Higher Education and the Twittersphere: Keeping Alumni Engaged
An essential (but often overlooked) key to social media success in higher education is careful platform selection. Savvy social media managers identify platforms that are best suited for specific institutional goals and allocate their resources accordingly. They also avoid the common pitfall of equating a platform’s raw user total with its value to their program. I see this a lot: schools hear about Facebook’s impressive user statistics and think, “We have to be on Facebook!” without considering what it is they would like Facebook to help them accomplish, and whether or not Facebook’s structure lends itself to that purpose. For continuing and professional education programs looking to engage alumni and leverage their potential as recruiting agents, I’d argue that Twitter is actually the superior option.
This is true in part because adult program recruiters can mine alumni networks for prospective students in ways that aren’t available to traditional admissions officers wooing 18-year-olds. For example, after John takes a non-credit writing course at a local university, he might have a few friends who’d be interested in taking the same course, or maybe some other friends who’d like an course in HTML or a program in management from his alma mater. With no standard age for entering these programs, John’s network will remain a promising source of potential enrollments for many years. Twitter’s largely public format lends itself nicely to accessing these networks of alumni family and friends. While Twitter does allow for private accounts, it’s most useful as a conversational tool, so its most active accounts tend to be open to the public—unlike Facebook, where restrictive privacy settings and closed networks are the norm. And Twitter’s retweet button facilitates near-instant transmission of messages across those networks by allowing users to share another person’s tweet with one click.
It’s also easier for institutions to identify influential alumni on Twitter relative to Facebook. Alumna Amy’s Facebook friend count (if it’s visible) may represent an odd mix of close friends, one-off acquaintances, and people she hasn’t spoken with since high school, and Facebook’s secret news feed algorithm means that not all of these people are guaranteed to receive her updates. In contrast, Amy’s Twitter followers have shown an active interest in what she has to say by voluntarily opting to receive her content. A Twitter user’s follower total is therefore a better gauge of a person’s effectiveness as an online communicator and an opinion leader.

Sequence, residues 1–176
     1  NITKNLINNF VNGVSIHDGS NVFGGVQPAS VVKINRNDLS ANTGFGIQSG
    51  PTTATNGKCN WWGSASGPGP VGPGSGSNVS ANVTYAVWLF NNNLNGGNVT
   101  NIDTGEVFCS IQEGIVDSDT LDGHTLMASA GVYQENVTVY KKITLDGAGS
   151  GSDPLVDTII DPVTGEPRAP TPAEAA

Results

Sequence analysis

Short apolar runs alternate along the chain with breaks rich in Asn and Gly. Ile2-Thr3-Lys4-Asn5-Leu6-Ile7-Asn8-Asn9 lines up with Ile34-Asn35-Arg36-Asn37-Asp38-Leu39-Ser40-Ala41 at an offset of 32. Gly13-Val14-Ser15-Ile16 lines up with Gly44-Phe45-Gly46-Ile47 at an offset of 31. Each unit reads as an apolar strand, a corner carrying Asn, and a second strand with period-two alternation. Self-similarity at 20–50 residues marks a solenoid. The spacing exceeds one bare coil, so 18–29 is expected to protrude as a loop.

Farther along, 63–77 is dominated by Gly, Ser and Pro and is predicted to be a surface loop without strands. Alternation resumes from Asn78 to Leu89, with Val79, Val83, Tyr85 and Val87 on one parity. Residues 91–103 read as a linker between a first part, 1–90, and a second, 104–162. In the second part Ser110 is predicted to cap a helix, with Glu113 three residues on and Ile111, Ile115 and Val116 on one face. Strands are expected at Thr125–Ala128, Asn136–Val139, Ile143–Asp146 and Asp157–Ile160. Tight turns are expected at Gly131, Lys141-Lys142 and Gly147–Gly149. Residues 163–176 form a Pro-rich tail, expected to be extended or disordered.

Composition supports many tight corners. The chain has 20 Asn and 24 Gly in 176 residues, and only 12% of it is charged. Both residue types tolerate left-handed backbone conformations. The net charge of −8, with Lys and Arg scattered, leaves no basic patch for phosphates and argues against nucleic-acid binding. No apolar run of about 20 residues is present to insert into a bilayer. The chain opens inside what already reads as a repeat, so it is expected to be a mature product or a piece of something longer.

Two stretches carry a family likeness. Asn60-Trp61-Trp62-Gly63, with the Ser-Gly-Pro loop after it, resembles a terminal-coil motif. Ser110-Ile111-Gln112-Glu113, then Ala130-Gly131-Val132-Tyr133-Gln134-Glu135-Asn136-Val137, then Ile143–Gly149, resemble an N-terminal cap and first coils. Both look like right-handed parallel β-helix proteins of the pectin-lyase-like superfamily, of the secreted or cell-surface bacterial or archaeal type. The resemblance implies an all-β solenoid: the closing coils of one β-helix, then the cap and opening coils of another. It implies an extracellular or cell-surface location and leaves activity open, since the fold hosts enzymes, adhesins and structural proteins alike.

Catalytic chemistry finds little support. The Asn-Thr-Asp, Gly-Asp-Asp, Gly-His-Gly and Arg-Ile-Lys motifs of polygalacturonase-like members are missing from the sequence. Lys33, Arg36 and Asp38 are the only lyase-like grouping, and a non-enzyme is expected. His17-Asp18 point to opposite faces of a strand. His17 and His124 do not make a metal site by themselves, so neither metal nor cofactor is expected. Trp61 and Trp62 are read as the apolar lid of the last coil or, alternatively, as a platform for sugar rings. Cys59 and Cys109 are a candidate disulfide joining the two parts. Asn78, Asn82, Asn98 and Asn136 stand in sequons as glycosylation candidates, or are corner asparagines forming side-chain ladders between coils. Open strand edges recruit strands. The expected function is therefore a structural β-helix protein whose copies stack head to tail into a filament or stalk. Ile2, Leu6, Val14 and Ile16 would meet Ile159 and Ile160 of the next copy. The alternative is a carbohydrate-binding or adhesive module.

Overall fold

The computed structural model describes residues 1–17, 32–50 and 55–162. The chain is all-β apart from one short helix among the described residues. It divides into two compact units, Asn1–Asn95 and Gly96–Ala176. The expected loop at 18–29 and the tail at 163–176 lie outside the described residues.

To make the most of the advantages offered by Twitter’s design, an institution needs alumni to engage with its Twitter account on a regular basis—not only to follow its updates, but also to retweet its posts and mention the school in virtual conversations. Fortunately, it’s not as difficult to generate this interaction as you might think. The University of Minnesota’s Carlson School of Management is able to do it using a simple yet effective strategy. (Although it’s not strictly a lifelong learning unit, there are enough similarities between the students in Carlson’s target demographic and the students typically recruited by continuing and professional education units that I think it’s a compelling example for any unit pursuing adult students.)
The Carlson MBA Twitter account regularly highlights individual alumni accomplishments: for instance, tweeting to congratulate an alumnus on his new job title, or to promote an alumna’s blog post on a well-known business website. (The alumnus’s Twitter account is included in the tweet whenever possible to ensure that he doesn’t miss the mention.) This is a terrific idea for several reasons. First, it reinforces graduates’ loyalty by publicly demonstrating the school’s ongoing investment in their success. Second, it increases the likelihood that a message from Carlson MBA will reach graduates’ extended networks. Graduates are thrilled to be praised to the Carlson School’s 1,500+ followers, and will often retweet the original post to their own followers. Proud friends and family of the spotlighted alumnus may also retweet the post to their followers in turn. Finally, if and when the tweet does reach users beyond the Carlson School’s follower base, it shows any prospective students in the audience that Carlson School graduates go on to experience career success.
Beyond the strategy’s immediate benefits, the Carlson School has also found that regularly tweeting about alumni generates a certain amount of goodwill towards the school on social media—so much so that they’ve seen more alumni tweet about Carlson unprompted as a result. Taken together, this all adds up to enormously beneficial word-of-mouth advertising for Carlson, and it’s done without a significant time investment from Carlson staff.
I think their approach is incredibly smart, and it works because it’s based on a fundamental understanding of what Twitter can do, and how they can maximize Twitter’s potential to meet their objectives.
Author Perspective: Business